Of course there is precedent. The date was May 21, 1987. The perpetually confusing/maddening/lovable Chicago Cubs were in first place in the National League. The team was coming off of an impressive five game winning streak. Though the Cubbies would start to slip some at the end of the month, the club still ended May with 18 wins against just 10 losses. Starting pitchers Rick Sutcliffe, Greg Maddux, and Jamie Moyer (hard to believe Moyer is still pitching in the majors!) all notched wins in May that month and were supported by some powerful bats, most notably right fielder Andre “Hawk” Dawson.

Dawson, at this point a ten year veteran in the major leagues, was starting to come into his own as a player. He had some good years previously in Montreal – including 1983 when he recorded 189 hits and a .299 batting average – and, of course, his first season in the majors when he earned the rookie of the year award. But 1987 was Dawson’s year. He was the undeniable leader of the Cubs’ offense. During the Cubs best month of the 1987 season – two days after their final day in first place – Dawson was doing everything he could to spur his team to victory. Trailing the Atlanta Braves by two runs in the bottom of the ninth, Dawson unloaded on a Gene Garber fastball, scoring fellow outfielder Jerry Mumphrey to tie the game at six and force extra innings – a game the Cubs went on to win.

Hawk repeatedly performed heroics for the Cubs throughout the 1987 season, but to no avail. The Cubs ended their 1987 campaign in early October with a disappointing 76-85 record, 18.5 games out of first place.

Dawson, however, was named baseball’s Most Valuable Player. Though the team that went on to win the World Series that season – the Minnesota Twins – also had a fair share of successful players, the MVP award went to Dawson, a player from a losing team well out of the playoff hunt. His statistics were great. A league leading 49 home runs and a league leading 137 runs batted in. He slugged 178 hits, stole 11 bases, hit .287 and led the National League in total bases. A fantastic year compared against any other.

However, the question begs now as it did then – if Dawson is SO VALUABLE, why was he unable to spur his team into the playoffs?

Fortunately, The Sports Debates exists! Today’s debate question: Should a good player from a lousy team be named the league’s most valuable player?

Bleacher Fan will argue no, a player – no matter how talented and accomplished – should not be named the most valuable in the league while Loyal Homer will argue that value knows no bounds or limits and if a player earns the title, that is okay.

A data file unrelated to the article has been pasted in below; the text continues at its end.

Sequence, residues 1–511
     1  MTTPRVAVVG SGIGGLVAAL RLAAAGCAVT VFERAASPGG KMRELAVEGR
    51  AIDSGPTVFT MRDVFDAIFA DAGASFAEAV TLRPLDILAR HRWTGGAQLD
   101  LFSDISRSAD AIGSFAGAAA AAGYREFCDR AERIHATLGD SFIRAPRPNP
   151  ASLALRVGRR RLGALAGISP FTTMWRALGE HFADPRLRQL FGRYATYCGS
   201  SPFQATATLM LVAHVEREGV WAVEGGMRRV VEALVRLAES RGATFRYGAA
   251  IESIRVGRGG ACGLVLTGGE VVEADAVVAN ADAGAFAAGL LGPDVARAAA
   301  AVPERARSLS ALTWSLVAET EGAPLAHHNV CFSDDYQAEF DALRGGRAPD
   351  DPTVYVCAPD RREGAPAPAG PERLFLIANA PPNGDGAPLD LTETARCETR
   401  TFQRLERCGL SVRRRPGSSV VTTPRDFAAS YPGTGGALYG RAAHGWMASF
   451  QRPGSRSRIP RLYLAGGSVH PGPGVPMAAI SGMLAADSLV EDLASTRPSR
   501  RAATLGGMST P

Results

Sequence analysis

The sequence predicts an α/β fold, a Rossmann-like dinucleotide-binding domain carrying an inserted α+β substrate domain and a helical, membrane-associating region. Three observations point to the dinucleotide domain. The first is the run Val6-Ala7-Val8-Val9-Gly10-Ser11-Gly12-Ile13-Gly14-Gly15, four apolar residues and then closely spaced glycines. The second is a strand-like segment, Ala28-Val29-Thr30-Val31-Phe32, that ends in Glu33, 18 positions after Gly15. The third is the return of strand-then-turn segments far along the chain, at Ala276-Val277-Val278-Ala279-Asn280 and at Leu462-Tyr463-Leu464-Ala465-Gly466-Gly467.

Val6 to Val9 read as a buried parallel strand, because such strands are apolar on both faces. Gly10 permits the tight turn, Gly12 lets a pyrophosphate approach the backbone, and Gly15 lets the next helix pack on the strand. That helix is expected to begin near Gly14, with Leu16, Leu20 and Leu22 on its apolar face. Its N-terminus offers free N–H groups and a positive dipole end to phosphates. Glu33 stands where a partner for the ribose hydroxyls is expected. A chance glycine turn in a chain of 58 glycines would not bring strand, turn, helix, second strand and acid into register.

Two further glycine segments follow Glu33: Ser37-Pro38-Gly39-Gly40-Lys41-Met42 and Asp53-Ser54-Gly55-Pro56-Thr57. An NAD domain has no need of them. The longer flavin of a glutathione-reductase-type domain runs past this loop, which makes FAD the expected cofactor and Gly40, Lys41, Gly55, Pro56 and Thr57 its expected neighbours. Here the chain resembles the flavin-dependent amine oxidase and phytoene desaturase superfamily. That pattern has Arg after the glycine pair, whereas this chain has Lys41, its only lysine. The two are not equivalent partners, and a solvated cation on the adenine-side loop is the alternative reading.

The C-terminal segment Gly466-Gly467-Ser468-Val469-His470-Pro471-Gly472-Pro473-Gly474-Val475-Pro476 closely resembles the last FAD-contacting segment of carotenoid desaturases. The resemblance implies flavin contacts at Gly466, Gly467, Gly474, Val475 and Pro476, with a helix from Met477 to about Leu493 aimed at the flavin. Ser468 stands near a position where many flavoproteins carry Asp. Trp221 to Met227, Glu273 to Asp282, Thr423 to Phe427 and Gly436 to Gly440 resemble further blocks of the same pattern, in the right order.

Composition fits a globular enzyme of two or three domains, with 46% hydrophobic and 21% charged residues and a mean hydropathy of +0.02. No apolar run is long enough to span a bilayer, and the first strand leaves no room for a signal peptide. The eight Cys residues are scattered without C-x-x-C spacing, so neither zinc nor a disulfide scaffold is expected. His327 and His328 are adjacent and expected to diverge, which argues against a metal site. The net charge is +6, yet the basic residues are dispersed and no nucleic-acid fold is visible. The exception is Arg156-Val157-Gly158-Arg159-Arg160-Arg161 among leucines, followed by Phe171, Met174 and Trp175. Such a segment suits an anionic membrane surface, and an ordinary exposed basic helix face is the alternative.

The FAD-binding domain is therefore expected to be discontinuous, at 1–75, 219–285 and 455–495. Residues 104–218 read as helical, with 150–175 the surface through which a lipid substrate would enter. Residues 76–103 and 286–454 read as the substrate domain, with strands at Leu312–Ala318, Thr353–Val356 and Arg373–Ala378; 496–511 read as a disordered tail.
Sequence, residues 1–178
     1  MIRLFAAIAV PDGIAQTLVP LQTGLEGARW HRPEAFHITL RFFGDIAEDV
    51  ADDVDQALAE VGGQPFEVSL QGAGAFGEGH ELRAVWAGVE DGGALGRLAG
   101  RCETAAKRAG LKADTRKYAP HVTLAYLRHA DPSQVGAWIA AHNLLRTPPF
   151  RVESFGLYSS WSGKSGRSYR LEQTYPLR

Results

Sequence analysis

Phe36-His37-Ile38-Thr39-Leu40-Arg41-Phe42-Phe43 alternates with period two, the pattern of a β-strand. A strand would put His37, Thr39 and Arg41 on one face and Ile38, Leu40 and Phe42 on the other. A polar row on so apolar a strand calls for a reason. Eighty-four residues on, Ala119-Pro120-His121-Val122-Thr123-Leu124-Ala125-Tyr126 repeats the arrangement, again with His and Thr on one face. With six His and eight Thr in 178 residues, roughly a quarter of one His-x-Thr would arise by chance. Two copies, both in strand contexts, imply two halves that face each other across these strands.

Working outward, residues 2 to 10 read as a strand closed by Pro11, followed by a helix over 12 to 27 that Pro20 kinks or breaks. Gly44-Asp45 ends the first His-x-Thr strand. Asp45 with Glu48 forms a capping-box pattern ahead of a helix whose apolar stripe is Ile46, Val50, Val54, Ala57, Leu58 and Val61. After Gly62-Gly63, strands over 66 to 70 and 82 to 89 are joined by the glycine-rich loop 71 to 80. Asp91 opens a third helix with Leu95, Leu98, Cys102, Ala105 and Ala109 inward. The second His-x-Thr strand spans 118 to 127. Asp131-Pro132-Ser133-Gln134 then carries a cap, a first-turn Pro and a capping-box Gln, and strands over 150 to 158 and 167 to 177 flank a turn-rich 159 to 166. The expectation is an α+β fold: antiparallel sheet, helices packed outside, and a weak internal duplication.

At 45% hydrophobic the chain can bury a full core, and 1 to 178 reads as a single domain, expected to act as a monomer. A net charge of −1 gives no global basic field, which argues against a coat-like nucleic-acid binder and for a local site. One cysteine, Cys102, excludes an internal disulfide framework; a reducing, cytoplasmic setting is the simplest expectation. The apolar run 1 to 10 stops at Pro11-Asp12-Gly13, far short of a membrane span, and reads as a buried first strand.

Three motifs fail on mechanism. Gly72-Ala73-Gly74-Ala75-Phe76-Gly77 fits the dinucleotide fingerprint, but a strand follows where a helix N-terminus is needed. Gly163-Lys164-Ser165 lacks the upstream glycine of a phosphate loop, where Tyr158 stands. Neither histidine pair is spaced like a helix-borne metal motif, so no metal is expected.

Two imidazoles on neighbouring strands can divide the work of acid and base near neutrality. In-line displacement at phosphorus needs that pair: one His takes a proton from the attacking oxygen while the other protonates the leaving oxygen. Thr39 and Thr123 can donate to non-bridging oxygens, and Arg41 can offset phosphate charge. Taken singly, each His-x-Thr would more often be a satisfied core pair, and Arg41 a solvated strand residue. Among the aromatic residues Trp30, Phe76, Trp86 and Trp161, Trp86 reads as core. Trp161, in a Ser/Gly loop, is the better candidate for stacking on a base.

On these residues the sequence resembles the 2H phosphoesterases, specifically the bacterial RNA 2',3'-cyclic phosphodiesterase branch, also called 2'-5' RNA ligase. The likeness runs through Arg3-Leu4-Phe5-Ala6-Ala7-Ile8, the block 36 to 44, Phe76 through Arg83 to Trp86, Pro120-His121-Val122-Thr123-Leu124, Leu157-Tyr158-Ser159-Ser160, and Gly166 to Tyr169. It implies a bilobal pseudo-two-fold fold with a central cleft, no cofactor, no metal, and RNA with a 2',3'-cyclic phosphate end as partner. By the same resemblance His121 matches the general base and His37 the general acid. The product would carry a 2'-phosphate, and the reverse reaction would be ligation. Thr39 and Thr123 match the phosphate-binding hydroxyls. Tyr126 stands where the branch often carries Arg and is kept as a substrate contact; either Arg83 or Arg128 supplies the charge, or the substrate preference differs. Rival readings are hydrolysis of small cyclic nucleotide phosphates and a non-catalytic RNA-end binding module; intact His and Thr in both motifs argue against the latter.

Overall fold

While I am partial to my Cubs, I have no preconceived notions of how this debate should end. I wish you both luck. Play ball!

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The MLB 2009 Division Race Debate – The AL Central Hollywood Blockbuster

July 13, 2009

Read Loyal Homer’s argument that the NL East is the best division race for the second half of the MLB season, and Sports Geek’s argument that it is in the NL Central.

The MLB 2009 Season, Part 1, is now at an end. What have we learned so far?

We’ve also seen the Mets struggle with injuries, the Dodgers get off to their best start in 32 years (maybe Manny was doing them a favor by sitting out 50 games!), and we saw the AL dominate interleague play once again (perhaps a little World Series foreshadowing?).

So, which division race will be the most exciting to watch as we move into MLB Season, Part Deux? For me, it’s gotta be the AL Central. Hollywood writers couldn’t have created a more perfect set-up for the drama, excitement, and eventual payoff that will come from this race. No other division in baseball is going to offer as much as the battle between the Detroit Tigers, Chicago White Sox, and Minnesota Twins.

Let’s break it down:

This will be a three team race.
Out of all three teams at the front of the AL Central, none have emerged as a clear favorite. When you consider head-to-head standings between these three teams, the Tigers (the current AL Central leaders) are a combined 6-10 against the White Sox and Twins. At the same time, the White Sox are a combined 9-8, and the Twins (currently the farthest back from Detroit) are a combined 10-7 against each other.

While the Tigers have built an early 3.5 game lead in the Central, their inability to perform against their primary competition calls into question whether or not they will effectively hold onto that lead.

There is little to no potential for a consolation prize.
In the AL Central, more than any other division, the race will truly be for all the marbles, meaning that the losers of the AL Central race have the least likelihood of contending for a wild card spot, as the likely winner will either come from the AL East or AL West. It’s do-or-die, and do-or-die is high drama.